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ARS Home » Midwest Area » West Lafayette, Indiana » Livestock Behavior Research » Research » Publications at this Location » Publication #254509

Title: Repeated mixing and isolation: Measuring chronic, intermittent stress in Holstein calves

item WILCOX, C. - Purdue University
item SCHUTZ, MICHAEL - Purdue University
item Rostagno, Marcos
item Lay Jr, Donald
item Eicher, Susan

Submitted to: Journal of Dairy Science
Publication Type: Peer Reviewed Journal
Publication Acceptance Date: 7/20/2013
Publication Date: 10/25/2013
Citation: Wilcox, C.S., Schutz, M.M., Rostagno, M.H., Lay Jr., D.C., Eicher, S.D. 2013. Repeated mixing and isolation: Measuring chronic, intermittent stress in Holstein calves. Journal of Dairy Science. 96:7223-7233.

Interpretive Summary: During chronic stress, glucose production in response to stress hormones is not sufficient to support glucose demand. This is evidenced by increased blood glucose in calves after transport. In animal well-being studies, determining glucose consumption may be a non-invasive way to substantiate that stress was induced. Molasses is an energy dense food (glucose source). To study whether a drive to replace glucose by molasses consumption would occur with chronically stressed calves, calves were socially stressed by a day of isolation followed by regrouping with new calves. Control calves were housed singly, but with tactile, auditory, and visual access to other calves. The traditional measure of stress, increased cortisol (stress hormone), was detected over the entire period. After a challenge to determine if the calves were chronically stressed (ACTH challenge), cortisol concentrations were dramatically increased in the control calves and low in the stressed calves. This showed that stressed calves’ ability to respond had been suppressed, a sign of chronic stress. Change from negative to positive for fecal shedding of Salmonella was much greater at the first move than in succeeding moves. This suggests that the calves had habituated to some degree to the moves. Additionally, behavior was changed by the stressor. Stressed calves spent more time standing, took longer to lie down, and consumed more molasses (all suggesting an activated state) than control calves. However, after the ACTH challenge, control calves became more active for the first 4 h following the injection than stressed calves, but were less active by the afternoon observation. This illustrated that control calves were more affected by the ACTH challenge, and stressed calves could not respond to the ACTH stimulus. Together, these results demonstrated that a chronic stress condition was reached within a 2-wk period and that increased molasses consumption by dairy calves can be used to confirm that a social stress condition has occurred.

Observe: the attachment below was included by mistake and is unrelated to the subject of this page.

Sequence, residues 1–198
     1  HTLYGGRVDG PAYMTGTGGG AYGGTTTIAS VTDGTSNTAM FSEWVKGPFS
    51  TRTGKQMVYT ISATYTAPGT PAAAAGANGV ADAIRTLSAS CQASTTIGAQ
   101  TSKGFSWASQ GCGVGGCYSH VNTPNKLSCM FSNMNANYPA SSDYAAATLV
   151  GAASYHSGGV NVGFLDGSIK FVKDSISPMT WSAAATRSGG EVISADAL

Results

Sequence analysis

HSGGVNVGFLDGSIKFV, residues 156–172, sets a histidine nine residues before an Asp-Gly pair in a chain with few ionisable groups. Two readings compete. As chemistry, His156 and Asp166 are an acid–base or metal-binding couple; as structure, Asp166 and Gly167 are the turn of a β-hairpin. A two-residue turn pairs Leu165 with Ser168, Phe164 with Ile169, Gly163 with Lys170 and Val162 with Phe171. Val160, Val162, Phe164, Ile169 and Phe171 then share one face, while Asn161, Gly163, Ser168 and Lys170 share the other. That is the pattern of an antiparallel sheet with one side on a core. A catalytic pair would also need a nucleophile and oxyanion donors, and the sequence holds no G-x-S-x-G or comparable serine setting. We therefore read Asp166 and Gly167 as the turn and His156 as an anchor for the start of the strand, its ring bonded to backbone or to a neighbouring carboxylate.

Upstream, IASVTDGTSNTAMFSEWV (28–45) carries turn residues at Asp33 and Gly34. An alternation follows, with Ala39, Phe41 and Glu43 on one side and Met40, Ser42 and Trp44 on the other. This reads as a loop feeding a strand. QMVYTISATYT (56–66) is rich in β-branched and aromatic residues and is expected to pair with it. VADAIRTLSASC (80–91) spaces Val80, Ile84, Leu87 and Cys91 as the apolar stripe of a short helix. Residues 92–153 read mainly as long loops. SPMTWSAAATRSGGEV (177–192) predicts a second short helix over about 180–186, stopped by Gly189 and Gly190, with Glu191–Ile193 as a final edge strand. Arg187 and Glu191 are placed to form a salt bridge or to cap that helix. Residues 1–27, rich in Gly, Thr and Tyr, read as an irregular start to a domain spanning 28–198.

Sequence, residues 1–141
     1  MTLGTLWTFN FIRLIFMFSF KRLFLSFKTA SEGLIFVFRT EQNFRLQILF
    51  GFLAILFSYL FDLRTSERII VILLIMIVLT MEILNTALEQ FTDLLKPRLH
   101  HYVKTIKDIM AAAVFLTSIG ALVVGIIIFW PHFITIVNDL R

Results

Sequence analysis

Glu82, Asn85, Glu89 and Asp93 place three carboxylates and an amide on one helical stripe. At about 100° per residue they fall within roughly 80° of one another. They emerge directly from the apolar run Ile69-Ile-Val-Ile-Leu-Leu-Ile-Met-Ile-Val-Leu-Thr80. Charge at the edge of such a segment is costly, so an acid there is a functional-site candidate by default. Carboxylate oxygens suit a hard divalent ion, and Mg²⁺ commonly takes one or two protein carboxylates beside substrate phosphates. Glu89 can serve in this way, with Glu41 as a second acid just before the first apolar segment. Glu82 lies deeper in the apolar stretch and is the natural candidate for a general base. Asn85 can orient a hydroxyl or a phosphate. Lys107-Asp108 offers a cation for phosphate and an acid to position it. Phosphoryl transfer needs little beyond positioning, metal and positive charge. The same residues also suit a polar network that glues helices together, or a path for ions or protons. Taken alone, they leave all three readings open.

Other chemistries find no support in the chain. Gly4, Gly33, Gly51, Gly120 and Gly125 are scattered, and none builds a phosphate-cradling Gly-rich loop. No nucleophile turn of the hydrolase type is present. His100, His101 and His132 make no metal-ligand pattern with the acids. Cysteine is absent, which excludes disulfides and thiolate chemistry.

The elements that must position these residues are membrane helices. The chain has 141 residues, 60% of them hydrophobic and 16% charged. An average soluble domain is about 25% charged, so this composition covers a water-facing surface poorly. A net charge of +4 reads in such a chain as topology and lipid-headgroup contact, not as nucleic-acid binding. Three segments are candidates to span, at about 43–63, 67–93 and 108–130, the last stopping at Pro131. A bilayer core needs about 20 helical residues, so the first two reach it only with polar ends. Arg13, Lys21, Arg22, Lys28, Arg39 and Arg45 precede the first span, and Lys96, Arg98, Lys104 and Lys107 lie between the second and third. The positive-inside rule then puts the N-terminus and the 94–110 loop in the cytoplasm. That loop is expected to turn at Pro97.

Technical Abstract: Objectives of this study were to determine physiological effects of psychological stress applied to dairy calves and to test if molasses consumption could be used to validate that a stressed condition was achieved. Repeated intermittent applications of acute stressors, isolation and regrouping, over 14 d were implemented to create stress in dairy calves. Treated calves were subjected to 5 cycles of 24 h of isolation followed by regrouping for 48 h in a new group pen and finally an ACTH challenge (0.1 IU /kg of body weight). Twenty 3 wk-old male calves had jugular catheters inserted, and were randomly assigned to stress or control treatments, four pens of four for the stress groups and 4 singly housed controls. Blood samples were collected for cortisol analysis via a jugular catheter 15 and 0 min prior to the calves being moved and then 0, 15, 30, 60, 90, 120, and 300 min after the calves had been moved. Blood samples were taken in a similar manner after the ACTH challenge. An additional blood sample was also taken prior to each move for immunological analysis. Fecal samples were collected prior to and after each move. Behavior in group and control pens was recorded by digital video recorder and molasses consumption was measured once per cycle. Peak (P < 0.001)and total cortisol (P < 0.001) were greater for stressed calves until the ACTH challenge. On d 14 the control calf cortisol increased and the stressed calves’ cortisol continued to decrease, suggesting adrenal fatigue. Number of calves that became positive for fecal shedding of Salmonella after the acute stress of being moved and number of calves that were positive after the move decreased with each move. Fifty six percent of stressed calves changed from negative to positive for shedding after the first move compared to 18.75% of stressed calves after the third move. Difference in fecal shedding of Enterobacteriaceae from samples taken before and after moving calves on d 6 was less (P < 0.05) than on d 2, d 3 and d 5. Molasses consumption was greater (P < 0.05) for treated calves on d 2 and 11. The latency to lie after eating also increased as the study progressed requiring more time for stressed calves to lie on d 12 than on d 3 and was greater than controls on d 4, 8, 12, and 14 (treatment by d interaction, P = 0.04). Stressed calves also stood more (P < 0.05) than control calves in the 4 h afternoon period of d 4, 5, 7, and 14. However, during the 4 h morning observations on d14 (ACTH challenge), control calves stood more (P = 0.046) than stressed calves. This model induced chronic stress as characterized by adrenal fatigue, which was confirmed by molasses consumption and behavior changes. These results show that molasses consumption may be used to confirm a stressed condition has been obtained, similarly to sucrose consumption in some mouse models.